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Oct 17, 2013

Off the cliff

We've been discussing this with Glenn and others since a while: the American Right, we argued, is still fighting the issues of the 1861 secession; the trenches of the culture wars are more or less aligned with the Mason-Dixon line. And here's the latest from Frank Rich, the world's leading we-told-you-so artiste, to say it so much more succinctly than we could.

(Follow the link and read the whole piece, our Rich-quote here is just a pretext to hawk yet another fragment from the Green Eyes. First Rich:)

"Implicit in this bipartisan gallows humor was an assumption shared by most of those listening: The non-legislating legislators responsible for the crisis [the Right Wing of the Republican Party in the American Congress] are a lunatic fringe — pariahs in the country at large and outliers even in their own party. They’re “a small faction of Republicans who represent an even smaller fraction of Americans,” as the former Obama speechwriter Jon Favreau put it in the Daily Beast. By this line of reasoning, all that kept them afloat was their possession of just enough votes in their divided chamber to hold the rest of America temporarily hostage to their incendiary demands.

"Let's meet in the middle."


"Would that this were so, and that the extralegal rebellion against the Affordable Care Act, a Supreme Court–sanctified law of the land, would send the rebels, not the country, off a cliff. Off the cliff they may well have gone in this year’s failed coup, but like Wile E. Coyote, they will quickly climb back up to fight another day. That’s what happened after the double-header shutdowns of 1995–96, which presaged Newt Gingrich’s beheading but in the long run advanced the rebels’ cause. It’s what always happens. The present-day anti-government radicals in Congress, and the Americans who voted them into office, are in the minority, but they are a permanent minority that periodically disrupts or commandeers a branch or two of the federal government, not to mention the nation’s statehouses. Their brethren have been around for much of our history in one party or another, and with a constant anti-­democratic aim: to thwart the legitimacy of a duly elected leader they abhor, from Lincoln to FDR to Clinton to Obama, and to resist any laws with which they disagree. So deeply rooted are these furies in our national culture that their consistency and tenacity should be the envy of other native political movements."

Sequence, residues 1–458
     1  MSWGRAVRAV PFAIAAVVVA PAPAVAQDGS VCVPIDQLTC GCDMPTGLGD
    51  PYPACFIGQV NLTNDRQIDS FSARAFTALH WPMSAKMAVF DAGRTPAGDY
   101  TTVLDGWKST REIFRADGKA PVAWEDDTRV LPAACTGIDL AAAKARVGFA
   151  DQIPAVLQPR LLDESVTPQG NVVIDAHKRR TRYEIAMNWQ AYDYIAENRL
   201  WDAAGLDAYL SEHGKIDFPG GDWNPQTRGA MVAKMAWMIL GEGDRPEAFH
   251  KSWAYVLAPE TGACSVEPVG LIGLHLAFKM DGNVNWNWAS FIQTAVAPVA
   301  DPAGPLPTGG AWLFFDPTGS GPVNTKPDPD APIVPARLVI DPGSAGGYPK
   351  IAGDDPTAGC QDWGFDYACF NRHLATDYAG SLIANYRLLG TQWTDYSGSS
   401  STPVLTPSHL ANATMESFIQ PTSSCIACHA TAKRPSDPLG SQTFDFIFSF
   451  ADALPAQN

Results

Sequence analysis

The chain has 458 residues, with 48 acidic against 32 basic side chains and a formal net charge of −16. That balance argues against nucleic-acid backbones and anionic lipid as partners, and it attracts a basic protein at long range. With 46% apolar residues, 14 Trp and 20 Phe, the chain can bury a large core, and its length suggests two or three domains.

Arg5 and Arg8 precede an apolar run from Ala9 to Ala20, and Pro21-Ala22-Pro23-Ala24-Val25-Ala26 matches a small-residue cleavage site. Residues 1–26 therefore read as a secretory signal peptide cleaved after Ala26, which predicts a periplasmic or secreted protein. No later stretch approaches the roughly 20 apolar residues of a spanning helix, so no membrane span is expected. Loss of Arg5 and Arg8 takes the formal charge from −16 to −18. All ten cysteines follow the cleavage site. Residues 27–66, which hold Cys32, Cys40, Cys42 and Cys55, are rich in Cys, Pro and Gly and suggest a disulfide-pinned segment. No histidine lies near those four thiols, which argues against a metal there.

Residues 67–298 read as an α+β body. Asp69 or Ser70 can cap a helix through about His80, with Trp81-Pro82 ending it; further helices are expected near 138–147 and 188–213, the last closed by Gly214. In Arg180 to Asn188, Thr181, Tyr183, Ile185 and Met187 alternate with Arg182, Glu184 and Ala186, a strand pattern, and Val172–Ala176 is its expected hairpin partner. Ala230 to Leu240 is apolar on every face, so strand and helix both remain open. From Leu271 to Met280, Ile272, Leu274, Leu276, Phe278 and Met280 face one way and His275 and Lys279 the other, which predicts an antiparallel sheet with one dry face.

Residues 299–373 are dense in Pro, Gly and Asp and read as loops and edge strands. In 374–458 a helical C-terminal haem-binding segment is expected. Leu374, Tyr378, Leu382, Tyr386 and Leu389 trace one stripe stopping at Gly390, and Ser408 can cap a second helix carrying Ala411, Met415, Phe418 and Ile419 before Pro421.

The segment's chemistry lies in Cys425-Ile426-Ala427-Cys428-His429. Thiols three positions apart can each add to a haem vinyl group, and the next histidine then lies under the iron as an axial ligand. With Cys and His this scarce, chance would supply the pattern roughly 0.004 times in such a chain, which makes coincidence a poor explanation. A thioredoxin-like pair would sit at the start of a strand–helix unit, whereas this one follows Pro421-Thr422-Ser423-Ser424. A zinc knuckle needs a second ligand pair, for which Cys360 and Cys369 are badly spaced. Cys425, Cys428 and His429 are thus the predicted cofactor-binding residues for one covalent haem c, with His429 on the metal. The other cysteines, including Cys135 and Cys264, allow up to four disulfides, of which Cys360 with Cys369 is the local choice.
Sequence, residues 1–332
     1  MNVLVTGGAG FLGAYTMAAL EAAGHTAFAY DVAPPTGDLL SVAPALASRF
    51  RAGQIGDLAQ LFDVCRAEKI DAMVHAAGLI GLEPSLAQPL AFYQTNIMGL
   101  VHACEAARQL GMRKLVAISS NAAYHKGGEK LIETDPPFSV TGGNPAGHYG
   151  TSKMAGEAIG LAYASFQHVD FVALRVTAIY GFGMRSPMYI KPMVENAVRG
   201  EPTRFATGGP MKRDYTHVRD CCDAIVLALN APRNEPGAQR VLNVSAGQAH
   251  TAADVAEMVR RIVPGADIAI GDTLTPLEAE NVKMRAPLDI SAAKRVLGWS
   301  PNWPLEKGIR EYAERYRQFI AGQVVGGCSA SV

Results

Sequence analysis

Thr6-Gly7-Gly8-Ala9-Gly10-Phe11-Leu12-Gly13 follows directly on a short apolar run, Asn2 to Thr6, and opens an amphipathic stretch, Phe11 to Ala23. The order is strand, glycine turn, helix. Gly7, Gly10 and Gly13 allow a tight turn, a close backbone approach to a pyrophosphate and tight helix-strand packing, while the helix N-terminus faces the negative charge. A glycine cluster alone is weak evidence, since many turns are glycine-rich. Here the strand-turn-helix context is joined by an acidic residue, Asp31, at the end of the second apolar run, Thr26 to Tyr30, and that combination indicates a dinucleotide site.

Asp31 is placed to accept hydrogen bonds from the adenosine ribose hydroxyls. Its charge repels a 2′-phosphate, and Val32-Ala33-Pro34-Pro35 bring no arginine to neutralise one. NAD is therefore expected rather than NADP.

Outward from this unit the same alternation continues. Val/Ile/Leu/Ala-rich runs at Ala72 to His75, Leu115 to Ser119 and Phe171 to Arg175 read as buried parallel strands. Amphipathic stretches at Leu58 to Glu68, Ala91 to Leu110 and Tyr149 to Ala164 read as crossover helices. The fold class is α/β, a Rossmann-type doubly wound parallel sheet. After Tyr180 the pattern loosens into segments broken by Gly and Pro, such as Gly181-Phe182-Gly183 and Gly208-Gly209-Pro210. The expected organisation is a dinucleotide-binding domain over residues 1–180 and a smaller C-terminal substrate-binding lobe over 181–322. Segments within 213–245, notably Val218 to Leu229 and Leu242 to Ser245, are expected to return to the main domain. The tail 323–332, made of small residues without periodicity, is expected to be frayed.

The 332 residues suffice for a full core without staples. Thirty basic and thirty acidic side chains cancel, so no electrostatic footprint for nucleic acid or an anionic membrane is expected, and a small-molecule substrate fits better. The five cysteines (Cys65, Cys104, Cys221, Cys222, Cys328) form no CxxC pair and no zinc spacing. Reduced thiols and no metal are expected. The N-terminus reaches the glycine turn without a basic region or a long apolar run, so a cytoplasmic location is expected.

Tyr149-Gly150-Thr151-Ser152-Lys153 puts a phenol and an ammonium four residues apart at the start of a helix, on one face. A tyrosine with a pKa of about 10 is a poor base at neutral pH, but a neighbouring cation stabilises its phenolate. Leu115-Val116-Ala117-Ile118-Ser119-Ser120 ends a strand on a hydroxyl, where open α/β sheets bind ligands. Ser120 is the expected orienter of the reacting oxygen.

And now us (Green Eyes, Ch. 20, "My father and your father were fathers"):

It isn't complete clear what he wants to say, as usual, it’s rarely clear to me what he wants to say. I've learned a lot from him though, how stupid people are — not that he ever explained, although he's also complaining a lot how stupid people are. I’m more stupid than him, for sure, so I've completely given up on syllogisms, or other debating tools, when we fight, it's not a debate. I really try hard not to argue, and when I succeed, it's because I've got him so mad, he runs after me, I jump off the cliff, (Wile E. Coyote), and he follows. It's very easy to make him mad, that's my weapon of choice, NRA, take note. I make him mad about everything, then I'm off to bed, he's off the cliff, no beer left in the fridge. We do this for three days, then we have a real fight, body language from the street...




Thanks for "reading more." You're rewarded with another cool link, leading to an interview with Dick Armey, a Republican veteran of the Gingrich shutdown of 1995, about the present crisis. And here's the master himself, Newt (Gingrich).